United Airlines ordered 150 Boeing 737s on Thursday, a big win for the jet-maker and a clear sign that the world's largest airline is shifting increasingly toward Boeing planes.
United ordered 50 Boeing's 737-900ERs, which begin arriving late next year. It's also buying 100 new 737 Max 9s, a revamped 737 that is getting new engines and other tweaks to make it more fuel efficient. They start arriving at United in 2018.
The order doesn't necessarily mean United is getting bigger. The 737-900ERs will replace older 757-200s, which Boeing no longer makes. It said the new planes are 15 percent more fuel-efficient per seat than the ones they will replace.
The Maxes that begin arriving in 2018 could either replace old planes or make United's fleet bigger, CEO Jeff Smisek said. The 737 is a workhorse of domestic flying. United already flies 43 of those planes, which seat 173 people. For the new 737 Max, United is ordering the biggest version Boeing makes, which seats up to 215 people.
The order would be worth more than $14 billion at list prices, although big airlines like United don't pay list prices.
At the time of the United-Continental merger in 2010, Continental flew 737s and United flew the competing A320 from Airbus. The combined airline's fleet of 701 planes still includes 152 of those Airbus planes. It also has an order, placed by United before the merger, for 25 Airbus A350s set to begin arriving in 2016.
"We'll have Airbus planes for a long time," Smisek said.
Still, the airline has 25 Airbus planes under firm order, compared to some 250 Boeing jets, including Thursday's order. And some of the new planes could potentially replace A320s, Smisek said.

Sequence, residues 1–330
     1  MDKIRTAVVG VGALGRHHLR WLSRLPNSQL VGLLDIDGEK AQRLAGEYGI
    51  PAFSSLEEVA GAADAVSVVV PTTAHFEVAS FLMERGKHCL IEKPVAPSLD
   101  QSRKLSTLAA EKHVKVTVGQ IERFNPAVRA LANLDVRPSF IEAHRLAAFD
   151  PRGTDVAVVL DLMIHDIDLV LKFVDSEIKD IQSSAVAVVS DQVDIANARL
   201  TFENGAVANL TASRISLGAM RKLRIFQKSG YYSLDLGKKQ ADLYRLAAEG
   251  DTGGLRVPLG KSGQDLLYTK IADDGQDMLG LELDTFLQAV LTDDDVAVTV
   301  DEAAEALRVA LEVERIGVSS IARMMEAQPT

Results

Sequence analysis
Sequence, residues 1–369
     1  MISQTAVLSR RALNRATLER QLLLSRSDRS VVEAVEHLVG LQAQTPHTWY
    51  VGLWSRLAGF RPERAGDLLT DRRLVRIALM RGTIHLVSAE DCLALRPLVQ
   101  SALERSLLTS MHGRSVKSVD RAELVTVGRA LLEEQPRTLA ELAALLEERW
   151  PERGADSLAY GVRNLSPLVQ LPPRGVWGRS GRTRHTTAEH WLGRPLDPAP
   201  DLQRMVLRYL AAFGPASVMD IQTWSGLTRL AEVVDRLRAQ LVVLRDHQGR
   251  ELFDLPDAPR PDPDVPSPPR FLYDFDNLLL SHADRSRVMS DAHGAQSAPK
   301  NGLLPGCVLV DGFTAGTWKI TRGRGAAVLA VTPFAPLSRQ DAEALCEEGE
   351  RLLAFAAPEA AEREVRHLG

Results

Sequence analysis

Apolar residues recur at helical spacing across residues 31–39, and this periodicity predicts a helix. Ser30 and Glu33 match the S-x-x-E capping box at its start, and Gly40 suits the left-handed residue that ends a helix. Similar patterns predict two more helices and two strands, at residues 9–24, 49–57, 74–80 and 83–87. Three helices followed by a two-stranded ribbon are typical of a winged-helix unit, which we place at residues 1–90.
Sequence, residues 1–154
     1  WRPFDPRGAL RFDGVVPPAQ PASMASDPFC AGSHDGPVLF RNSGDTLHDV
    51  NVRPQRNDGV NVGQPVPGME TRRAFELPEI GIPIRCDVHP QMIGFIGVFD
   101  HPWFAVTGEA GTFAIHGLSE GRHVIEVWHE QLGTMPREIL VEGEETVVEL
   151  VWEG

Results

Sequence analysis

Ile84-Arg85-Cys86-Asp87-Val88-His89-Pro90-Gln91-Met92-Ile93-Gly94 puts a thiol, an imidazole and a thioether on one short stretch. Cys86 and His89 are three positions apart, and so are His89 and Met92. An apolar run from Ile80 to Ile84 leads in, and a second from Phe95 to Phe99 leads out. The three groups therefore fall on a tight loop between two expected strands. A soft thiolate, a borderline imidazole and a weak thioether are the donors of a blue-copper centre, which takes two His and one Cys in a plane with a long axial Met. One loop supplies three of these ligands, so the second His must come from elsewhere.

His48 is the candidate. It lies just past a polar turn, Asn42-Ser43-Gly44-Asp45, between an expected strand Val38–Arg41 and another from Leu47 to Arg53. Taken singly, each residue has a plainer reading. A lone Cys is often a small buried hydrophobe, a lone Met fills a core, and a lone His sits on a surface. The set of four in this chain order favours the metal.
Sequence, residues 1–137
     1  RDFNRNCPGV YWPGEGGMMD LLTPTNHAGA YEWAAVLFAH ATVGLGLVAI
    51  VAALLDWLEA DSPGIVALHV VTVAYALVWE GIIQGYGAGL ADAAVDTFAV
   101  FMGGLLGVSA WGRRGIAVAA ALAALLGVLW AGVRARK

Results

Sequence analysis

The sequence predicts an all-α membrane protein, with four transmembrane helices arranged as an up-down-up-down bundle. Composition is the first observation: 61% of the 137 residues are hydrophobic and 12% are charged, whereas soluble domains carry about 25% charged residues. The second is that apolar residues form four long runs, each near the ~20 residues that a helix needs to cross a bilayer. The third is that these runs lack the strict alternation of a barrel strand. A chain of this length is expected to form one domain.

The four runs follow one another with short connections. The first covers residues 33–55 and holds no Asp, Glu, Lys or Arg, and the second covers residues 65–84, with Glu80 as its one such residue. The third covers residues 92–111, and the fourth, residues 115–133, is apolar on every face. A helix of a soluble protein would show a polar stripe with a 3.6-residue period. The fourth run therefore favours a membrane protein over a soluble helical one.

Boeing Co. has been hoping to boost orders for the Max. Airbus beat Boeing to the punch last year by offering a competing version of its own A320 with a new engine earlier than Boeing did. And Airbus scored big when it got American Airlines to order 260 jets last year, versus 200 for Boeing.
Smisek said his airline had "extensive discussions with both Airbus and Boeing" before picking Boeing. He spoke at a news conference in Chicago, where both Boeing and United Continental Holdings Inc. are based.
Boeing Chairman and CEO Jim McNerney also attended the news conference, along with Ray Conner, the new CEO of Boeing's commercial airplanes division. Connner was recently back from the Farnborough Airshow near London, where Boeing booked orders and commitments for 396 planes, worth $37 billion, including the United order. That was more than double Airbus' orders and commitments for 115 planes worth $16.9 billion.
Shares of United Continental Holdings fell $1.01, or 4.1 percent, to close at $23.78. Boeing shares rose 19 cents to close at $71.71.